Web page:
Impeachment inquiry debated


graphic by mikayla mellis

Faizah Saadmim, Editor-in-chief

On Dec. 13, the House Judiciary Committee voted to approve two articles of impeachment against Trump: abuse of power and obstruction of congress. Subsequently, the House of Representatives held a vote on the articles of impeachment, where both articles were adopted with more than the 216 votes needed. A topical poll by Washington Post found that 48 percent of registered voters believe that President Trump should be impeached and removed from office. A similar poll by CNN shows 46 percent support that same cause.

The American population is split on whether the president should be impeached and removed from office. The students at Dulaney High School echo a similar sentiment of divide about the efficacy of impeachment with 51 percent supporting impeachment and 48 percent opposing impeachment, according to an anonymous online survey of 200 students in English classes.

Senior and future voter, Benjamin Bilo, opposes the impeachment of President Trump as he believes the impeachment inquiry is hindering the country’s well-being because politicians are engaging in in-fighting instead of working towards national unity.

“If people have problems with the President, they should advise him and make their opinions known instead of throwing him out entirely. Much more could be accomplished if bipartisanship efforts were taken and the country was united,” Bilo said.

Senior Andre Gartner is currently working with a Maryland congressman who has first-hand experience with the process millions of Americans are watching on their TV screens. He describes his conclusion from the trial, confirming Trump’s unlawful actions.

“I believe the impeachment process established that Donald Trump did commit impeachable offenses,” Gartner said. “To call this process simply a partisan and unwarranted process is to ignore the findings of the investigations all together.”

With the vote counted on Dec. 18, President Trump became the third president in American history to be impeached. This historical moment is the second impeachment history teacher John Wagner has experienced. Wagner compares the political climate during former President Clinton’s impeachment with that of the current president.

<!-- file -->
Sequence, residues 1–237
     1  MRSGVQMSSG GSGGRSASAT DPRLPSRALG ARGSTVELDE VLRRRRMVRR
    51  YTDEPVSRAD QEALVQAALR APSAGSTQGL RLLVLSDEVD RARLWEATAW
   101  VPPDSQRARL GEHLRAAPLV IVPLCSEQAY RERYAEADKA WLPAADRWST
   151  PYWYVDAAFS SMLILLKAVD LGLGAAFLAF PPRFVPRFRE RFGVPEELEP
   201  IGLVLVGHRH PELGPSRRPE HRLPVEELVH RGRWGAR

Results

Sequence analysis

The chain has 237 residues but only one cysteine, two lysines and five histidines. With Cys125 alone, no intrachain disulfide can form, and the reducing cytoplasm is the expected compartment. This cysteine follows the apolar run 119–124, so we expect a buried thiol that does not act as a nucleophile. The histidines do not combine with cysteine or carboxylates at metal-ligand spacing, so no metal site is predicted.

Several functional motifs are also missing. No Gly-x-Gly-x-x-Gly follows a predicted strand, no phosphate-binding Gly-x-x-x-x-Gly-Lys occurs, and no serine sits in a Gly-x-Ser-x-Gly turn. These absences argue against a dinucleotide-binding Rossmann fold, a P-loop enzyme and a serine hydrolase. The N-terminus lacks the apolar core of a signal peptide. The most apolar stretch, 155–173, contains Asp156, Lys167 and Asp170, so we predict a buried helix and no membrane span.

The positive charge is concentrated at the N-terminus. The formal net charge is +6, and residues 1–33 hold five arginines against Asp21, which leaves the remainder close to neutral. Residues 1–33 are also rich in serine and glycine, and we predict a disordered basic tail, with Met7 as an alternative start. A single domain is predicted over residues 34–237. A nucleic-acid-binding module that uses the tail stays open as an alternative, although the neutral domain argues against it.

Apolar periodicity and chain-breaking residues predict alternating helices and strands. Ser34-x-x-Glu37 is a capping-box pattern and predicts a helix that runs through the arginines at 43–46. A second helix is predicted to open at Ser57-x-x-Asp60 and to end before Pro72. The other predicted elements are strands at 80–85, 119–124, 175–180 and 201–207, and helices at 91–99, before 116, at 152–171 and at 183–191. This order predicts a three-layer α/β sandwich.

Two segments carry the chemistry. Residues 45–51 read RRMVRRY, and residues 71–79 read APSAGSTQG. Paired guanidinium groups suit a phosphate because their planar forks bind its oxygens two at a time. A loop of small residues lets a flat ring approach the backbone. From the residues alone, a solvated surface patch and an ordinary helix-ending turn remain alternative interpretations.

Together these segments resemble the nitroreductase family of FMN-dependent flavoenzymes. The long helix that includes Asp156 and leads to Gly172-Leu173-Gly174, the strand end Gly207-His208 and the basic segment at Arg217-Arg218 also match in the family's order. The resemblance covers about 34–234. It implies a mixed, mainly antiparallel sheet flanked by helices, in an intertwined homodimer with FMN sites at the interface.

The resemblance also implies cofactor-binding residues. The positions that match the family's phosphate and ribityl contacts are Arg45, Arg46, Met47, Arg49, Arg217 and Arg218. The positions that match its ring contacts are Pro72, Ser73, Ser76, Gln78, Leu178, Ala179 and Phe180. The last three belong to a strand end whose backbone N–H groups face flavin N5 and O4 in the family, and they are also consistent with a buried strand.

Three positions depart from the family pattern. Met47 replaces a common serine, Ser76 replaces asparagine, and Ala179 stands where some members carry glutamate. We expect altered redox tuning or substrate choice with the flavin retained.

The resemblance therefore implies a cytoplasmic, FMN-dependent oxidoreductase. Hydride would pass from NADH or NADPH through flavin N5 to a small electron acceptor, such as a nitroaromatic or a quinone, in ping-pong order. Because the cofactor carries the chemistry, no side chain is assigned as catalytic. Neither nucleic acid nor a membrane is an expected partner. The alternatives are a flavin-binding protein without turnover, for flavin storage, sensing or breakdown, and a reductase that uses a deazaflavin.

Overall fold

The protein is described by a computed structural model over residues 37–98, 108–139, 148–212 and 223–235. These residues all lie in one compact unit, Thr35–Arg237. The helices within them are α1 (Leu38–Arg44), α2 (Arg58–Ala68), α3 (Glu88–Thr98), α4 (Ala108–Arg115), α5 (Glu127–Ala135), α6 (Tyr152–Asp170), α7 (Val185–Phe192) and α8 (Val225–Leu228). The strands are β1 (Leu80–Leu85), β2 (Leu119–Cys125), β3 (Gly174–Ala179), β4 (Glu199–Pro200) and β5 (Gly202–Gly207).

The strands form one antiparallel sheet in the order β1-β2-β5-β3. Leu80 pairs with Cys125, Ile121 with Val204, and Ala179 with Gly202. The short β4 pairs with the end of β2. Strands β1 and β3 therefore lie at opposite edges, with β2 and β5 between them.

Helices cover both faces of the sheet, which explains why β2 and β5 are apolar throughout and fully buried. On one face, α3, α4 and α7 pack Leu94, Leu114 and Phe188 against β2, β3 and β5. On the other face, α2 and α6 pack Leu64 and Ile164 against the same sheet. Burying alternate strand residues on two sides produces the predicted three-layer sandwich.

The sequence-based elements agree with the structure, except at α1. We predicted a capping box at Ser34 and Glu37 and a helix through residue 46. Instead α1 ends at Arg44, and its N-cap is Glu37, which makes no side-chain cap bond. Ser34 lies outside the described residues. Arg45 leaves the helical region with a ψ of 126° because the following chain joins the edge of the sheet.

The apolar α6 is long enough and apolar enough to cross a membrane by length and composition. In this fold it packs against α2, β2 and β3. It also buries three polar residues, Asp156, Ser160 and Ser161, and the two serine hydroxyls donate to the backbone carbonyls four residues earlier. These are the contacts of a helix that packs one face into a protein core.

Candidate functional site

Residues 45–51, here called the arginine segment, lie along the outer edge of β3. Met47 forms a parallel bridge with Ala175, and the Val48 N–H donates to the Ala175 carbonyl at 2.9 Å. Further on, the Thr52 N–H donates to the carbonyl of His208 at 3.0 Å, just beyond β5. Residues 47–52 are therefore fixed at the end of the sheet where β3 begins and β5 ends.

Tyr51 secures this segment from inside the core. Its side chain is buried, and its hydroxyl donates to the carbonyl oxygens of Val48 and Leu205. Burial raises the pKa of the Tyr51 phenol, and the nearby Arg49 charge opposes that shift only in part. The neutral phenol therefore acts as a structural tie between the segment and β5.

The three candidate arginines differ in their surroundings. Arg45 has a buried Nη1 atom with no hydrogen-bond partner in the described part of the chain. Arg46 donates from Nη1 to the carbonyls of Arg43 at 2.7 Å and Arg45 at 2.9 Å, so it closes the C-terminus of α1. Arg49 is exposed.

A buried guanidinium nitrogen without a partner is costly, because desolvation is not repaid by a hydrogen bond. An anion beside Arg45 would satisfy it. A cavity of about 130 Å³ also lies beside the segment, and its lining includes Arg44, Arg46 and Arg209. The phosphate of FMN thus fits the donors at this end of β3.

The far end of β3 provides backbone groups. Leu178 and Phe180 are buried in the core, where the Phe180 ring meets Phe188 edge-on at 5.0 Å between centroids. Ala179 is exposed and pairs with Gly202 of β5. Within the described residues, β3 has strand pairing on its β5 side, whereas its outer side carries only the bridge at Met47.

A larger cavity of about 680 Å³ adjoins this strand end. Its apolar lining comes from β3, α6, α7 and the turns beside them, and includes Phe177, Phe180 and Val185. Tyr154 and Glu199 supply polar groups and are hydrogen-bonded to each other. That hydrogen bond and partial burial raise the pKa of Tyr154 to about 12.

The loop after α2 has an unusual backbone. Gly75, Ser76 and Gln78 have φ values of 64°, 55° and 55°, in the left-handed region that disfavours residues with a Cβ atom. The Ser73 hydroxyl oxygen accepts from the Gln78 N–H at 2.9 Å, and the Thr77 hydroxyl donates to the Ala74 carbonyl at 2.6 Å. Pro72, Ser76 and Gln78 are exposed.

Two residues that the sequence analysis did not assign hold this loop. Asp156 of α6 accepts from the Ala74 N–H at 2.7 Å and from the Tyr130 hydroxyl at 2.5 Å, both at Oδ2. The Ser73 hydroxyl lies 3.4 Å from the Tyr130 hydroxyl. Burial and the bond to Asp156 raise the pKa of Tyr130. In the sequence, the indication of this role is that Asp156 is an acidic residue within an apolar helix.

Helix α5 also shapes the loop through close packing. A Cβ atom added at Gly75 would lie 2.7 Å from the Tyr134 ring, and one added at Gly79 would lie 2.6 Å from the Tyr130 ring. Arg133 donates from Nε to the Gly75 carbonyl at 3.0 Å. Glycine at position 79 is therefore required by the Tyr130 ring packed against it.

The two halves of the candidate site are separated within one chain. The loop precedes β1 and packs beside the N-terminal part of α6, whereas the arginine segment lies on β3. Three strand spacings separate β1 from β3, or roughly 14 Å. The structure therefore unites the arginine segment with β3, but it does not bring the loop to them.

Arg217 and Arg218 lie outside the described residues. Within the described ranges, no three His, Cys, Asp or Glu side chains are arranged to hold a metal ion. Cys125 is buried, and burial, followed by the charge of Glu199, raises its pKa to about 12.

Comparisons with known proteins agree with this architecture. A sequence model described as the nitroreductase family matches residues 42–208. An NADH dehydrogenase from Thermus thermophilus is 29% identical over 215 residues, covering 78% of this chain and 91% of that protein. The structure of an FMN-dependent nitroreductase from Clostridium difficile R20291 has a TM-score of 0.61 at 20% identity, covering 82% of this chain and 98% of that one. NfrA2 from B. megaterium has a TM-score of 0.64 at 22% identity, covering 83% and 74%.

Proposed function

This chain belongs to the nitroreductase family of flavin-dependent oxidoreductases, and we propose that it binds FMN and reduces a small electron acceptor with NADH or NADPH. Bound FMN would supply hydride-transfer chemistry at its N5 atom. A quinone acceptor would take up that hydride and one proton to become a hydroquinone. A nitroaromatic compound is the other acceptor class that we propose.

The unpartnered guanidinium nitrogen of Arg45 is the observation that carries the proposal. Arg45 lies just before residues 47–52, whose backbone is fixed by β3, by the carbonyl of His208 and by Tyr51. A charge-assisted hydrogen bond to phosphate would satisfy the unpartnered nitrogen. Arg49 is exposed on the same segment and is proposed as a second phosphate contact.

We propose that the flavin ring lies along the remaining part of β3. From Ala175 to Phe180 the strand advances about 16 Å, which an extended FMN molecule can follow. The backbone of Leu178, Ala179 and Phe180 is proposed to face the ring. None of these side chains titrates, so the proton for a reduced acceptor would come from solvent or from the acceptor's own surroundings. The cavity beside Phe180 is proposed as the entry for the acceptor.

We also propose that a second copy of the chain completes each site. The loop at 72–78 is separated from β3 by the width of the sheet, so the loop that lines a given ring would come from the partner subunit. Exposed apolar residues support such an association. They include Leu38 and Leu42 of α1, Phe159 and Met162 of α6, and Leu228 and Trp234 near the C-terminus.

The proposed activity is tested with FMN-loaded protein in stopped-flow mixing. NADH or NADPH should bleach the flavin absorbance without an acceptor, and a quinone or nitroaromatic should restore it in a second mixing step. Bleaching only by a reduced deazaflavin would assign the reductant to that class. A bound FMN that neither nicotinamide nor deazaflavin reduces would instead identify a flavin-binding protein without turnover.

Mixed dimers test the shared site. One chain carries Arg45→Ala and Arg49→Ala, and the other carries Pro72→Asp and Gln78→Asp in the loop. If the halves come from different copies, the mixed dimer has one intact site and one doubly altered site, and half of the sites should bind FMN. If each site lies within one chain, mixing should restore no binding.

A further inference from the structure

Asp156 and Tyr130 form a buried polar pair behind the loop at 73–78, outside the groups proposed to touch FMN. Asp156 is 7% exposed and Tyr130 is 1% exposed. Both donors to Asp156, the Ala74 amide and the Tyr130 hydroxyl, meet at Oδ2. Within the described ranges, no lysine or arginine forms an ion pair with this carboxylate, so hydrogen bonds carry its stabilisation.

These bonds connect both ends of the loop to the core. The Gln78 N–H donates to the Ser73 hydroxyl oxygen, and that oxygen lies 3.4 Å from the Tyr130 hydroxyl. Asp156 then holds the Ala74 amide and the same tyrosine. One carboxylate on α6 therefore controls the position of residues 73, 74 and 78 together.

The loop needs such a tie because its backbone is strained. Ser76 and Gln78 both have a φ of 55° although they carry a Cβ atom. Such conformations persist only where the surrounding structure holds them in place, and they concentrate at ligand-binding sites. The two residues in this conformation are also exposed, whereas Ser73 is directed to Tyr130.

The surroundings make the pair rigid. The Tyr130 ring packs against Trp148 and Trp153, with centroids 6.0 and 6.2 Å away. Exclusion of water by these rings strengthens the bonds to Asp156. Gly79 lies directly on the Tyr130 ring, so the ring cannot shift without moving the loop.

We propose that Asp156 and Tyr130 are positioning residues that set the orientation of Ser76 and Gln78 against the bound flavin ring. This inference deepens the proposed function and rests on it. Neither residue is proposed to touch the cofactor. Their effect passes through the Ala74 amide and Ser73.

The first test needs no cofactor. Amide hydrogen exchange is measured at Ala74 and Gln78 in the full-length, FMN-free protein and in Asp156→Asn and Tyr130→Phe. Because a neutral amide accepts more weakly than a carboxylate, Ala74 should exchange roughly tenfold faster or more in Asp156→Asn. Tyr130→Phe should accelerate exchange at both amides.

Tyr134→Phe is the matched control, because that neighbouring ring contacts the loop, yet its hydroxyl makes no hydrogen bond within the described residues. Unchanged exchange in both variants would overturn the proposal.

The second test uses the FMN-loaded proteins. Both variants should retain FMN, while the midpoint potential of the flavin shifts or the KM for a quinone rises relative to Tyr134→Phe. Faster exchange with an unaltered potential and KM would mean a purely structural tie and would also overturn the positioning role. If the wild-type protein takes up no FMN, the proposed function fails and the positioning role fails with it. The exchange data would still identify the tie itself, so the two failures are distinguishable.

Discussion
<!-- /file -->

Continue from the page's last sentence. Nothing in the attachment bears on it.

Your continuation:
“I think the atmosphere is very similar. It’s a bitterly divided, polarizing partisan issue just like the Clinton impeachment,” Wagner said. “I don’t think it’s very different at all.”

For most students, however, this is the first impeachment in their lifetime, having only read about the infamy of Watergate or Clinton’s scandal. Senior Jaweria Qazi describes her experience watching the impeachment vote.

“I feel that the impeachment of President Trump is shameful, yet monumental. It is terrible that he abused his power, but it is also historic,” Qazi said.

English teacher Maria Hiaasen has followed the impeachment inquiry carefully and is skeptical about the impact it will have in creating change.

“I have certainly paid attention to this whole procedure and actually taken heart in it,” Hiaasen said. “Surely, when people with facts come speak, minds will be changed, but I don’t know.”

Senior Claire McGinnity has noticed future, young voters like herself educating themselves with news about impeachment and being invested in the political events of the country through her project for Advanced Placement Research.

“I think young people are fairly in the know. I have found that a lot of students are actually checking up on the current political news roughly weekly,” McGinnity said.

According to the aforementioned survey, students have actively engaged with the impeachment trial with 64.6 percent of students following the impeachment proceedings through news outlets, social media or live stream.

The major implications this impeachment will have on the 2020 election results remain to be seen. Forty-six percent of students say that Trump’s impeachment will impact their voting decision in 2020, while 54 percent believe it will not impact their vote.

Senior Justin White’s decision to vote for Donald Trump has not changed, although he was disappointed when President Trump asked Ukraine to investigate an opposing candidate, talking in context of the Russian scandal that surrounded Trump’s victory in 2020.

“[Ukraine’s involvement] is the one thing I was kind of disappointed in, especially with all the recent Russia allegations in the last election,” White said. “But I will vote for Trump in the upcoming election as he gives us the best opportunity in becoming a stronger and more successful country.”

For Bilo, who identifies his political affiliation as Independent, the impeachment has greatly impacted how he will vote in the 2020 presidential election.

“Before, I was planning on voting for President Trump. Now, I will likely be voting for an Independent candidate who is not caught up in this [impeachment] rivalry.”